Interview with Wangu Mutua, Kenya:
“FARMERS INVOLVED IN THE LIVELIHOODS PROJECT CAN NOW ASPIRE TO A BETTER FUTURE””

In Western Kenya, the slopes of Mount Elgon are home to over 2 million people and one of the main water catchments of Lake Victoria. The region’s natural ecosystem is however threatened, due to accelerated population growth, unsustainable agricultural practices, uncontrolled grazing, soil erosion among other drivers of land degradation. The smallholder farmers in Mount Elgon region are largely mixed farmers; growing crops and livestock including dairy cows for milk production. They face the challenges of poor crop yields, unsustainable milk production and poor market connection.

In 2016, the Livelihoods Carbon Fund launched an ambitious project to simultaneously tackle farmer poverty, land degradation and milk productivity in Mount Elgon region. Livelihoods upfront financing is supporting Vi Agroforestry, an NGO working in Kenya, to improve the lives of 30,000 smallholder farmers through adoption of agroforestry, sustainable agricultural land management, improved farm productivity resulting to improved incomes for better livelihood of smallholder farmers.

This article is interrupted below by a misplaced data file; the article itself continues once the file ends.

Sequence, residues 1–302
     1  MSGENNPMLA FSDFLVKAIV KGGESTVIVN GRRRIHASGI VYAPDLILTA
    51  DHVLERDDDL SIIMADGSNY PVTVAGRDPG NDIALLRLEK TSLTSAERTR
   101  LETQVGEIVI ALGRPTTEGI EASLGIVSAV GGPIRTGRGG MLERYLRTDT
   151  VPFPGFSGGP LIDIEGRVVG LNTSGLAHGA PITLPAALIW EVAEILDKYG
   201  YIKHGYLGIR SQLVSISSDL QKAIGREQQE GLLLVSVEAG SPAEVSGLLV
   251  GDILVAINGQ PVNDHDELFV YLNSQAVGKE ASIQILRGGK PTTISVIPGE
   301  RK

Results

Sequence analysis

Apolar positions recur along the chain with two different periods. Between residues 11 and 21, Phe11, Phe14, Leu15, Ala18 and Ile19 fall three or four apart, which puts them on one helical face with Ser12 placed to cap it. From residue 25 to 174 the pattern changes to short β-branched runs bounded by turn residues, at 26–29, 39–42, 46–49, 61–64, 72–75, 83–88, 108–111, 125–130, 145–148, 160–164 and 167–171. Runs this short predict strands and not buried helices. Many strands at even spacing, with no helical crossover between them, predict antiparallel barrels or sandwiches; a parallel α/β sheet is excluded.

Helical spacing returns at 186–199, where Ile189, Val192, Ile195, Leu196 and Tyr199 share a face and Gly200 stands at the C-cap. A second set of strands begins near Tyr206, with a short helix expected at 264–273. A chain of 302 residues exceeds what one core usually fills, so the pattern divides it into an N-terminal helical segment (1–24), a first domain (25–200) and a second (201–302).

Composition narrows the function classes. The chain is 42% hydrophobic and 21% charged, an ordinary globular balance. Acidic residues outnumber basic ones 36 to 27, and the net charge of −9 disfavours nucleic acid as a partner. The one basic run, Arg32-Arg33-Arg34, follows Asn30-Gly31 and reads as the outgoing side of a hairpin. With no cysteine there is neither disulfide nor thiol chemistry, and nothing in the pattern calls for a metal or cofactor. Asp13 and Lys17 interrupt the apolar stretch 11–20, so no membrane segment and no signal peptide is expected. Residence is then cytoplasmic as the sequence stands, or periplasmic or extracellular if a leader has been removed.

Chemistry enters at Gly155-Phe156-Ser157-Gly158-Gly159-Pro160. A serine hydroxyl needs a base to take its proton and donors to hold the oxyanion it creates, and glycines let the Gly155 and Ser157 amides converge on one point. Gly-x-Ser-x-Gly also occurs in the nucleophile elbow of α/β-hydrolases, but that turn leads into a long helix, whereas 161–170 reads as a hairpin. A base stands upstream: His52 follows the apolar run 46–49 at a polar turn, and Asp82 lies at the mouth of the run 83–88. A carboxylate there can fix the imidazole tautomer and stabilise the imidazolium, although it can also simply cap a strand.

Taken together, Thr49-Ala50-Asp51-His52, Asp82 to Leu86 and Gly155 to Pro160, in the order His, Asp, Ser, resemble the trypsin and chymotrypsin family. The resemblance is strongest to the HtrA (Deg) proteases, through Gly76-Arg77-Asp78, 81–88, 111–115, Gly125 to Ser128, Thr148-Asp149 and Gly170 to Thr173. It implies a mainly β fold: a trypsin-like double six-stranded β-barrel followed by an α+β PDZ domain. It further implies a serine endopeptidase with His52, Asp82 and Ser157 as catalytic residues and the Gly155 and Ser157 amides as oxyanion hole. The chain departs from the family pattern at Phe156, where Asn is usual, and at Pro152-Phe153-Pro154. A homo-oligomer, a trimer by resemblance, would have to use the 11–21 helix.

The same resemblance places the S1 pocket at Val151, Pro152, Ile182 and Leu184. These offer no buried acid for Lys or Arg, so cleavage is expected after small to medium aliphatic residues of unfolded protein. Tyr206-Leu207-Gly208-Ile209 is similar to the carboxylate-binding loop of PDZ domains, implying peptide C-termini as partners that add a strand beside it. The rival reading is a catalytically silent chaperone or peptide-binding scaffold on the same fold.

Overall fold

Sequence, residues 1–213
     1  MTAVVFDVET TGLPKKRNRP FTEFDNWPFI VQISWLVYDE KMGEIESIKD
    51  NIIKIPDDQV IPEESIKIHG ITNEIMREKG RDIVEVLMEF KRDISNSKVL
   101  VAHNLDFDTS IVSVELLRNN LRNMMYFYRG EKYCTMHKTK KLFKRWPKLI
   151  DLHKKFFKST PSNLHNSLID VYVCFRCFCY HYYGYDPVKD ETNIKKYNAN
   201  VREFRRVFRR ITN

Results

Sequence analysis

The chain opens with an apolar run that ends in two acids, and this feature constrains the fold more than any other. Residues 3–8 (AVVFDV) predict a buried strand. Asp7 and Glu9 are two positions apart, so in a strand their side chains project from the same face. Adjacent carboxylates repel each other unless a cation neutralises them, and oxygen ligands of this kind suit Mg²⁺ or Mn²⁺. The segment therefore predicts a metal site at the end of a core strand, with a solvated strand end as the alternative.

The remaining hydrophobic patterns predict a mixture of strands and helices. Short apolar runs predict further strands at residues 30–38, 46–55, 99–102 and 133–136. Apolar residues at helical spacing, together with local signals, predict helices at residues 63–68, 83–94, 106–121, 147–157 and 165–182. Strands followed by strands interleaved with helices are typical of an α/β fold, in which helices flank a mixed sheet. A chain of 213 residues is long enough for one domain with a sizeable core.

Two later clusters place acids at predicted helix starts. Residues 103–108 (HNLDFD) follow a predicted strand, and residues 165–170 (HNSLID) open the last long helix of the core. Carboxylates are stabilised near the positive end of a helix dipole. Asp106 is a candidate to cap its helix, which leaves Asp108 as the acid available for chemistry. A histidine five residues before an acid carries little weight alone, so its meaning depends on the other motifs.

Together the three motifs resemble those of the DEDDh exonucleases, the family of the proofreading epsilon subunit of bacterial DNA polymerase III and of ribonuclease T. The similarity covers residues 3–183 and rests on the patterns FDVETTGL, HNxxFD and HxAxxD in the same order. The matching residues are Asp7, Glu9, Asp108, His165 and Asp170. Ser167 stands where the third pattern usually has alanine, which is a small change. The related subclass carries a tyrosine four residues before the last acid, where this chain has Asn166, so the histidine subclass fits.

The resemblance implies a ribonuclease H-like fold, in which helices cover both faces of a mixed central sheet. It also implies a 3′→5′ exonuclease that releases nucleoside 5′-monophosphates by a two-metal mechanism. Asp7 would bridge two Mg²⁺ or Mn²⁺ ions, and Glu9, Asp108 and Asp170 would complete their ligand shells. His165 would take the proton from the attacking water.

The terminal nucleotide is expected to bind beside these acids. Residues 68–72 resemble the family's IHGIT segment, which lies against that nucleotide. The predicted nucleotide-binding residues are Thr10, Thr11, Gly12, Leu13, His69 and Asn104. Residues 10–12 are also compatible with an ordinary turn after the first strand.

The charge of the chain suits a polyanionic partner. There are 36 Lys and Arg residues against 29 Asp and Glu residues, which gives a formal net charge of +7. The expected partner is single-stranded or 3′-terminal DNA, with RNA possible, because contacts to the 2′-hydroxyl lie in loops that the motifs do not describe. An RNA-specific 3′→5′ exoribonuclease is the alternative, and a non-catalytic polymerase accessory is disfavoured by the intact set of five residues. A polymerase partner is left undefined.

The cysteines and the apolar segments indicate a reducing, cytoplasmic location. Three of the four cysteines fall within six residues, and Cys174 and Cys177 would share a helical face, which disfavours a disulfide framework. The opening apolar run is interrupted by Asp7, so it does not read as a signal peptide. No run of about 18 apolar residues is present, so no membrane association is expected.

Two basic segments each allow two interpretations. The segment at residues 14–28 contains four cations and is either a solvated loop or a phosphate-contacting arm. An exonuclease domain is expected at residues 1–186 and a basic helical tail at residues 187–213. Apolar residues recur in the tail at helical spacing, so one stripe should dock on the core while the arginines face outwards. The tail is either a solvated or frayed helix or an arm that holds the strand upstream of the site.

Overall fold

Deputy Regional Director of Vi Agroforestry NGO, Wangu Mutua is highly experienced in leading agroforestry projects and has a deep understanding of the poverty challenges these farmers are facing daily. How is the Livelihoods carbon investment model helping improve their lives and revenues? What are the achievements but also the challenges of implementing a high-scale carbon project that tackles both climate change and farmer poverty? The word from Wangu Mutua.

Livelihoods: What is the Livelihoods-Mount Elgon project about?

Wangu Mutua: “The project is about supporting people trying to get out of a situation where life is not at its best. The farmers of Mount Elgon region are trying to afford medication costs, school fees for their children, a decent house to live in. Farming and milk production are their main source of income and their only solution to get out of poverty.

When we met Livelihoods Fund a few years ago, we were ending the pilot phase of an agricultural carbon project, focusing on soil carbon and food production. But the innovative model of Livelihoods Fund offered us the opportunity to explore the economic impacts generated for the benefit of local smallholder farmers. Together, we focus in developing economic opportunities that help increase milk production, support dairy cooperatives that could connect smallholder farmers to the market and build fully sustainable supply chains.”

Livelihoods: How can the project link carbon offsets with improved revenues for these farmers?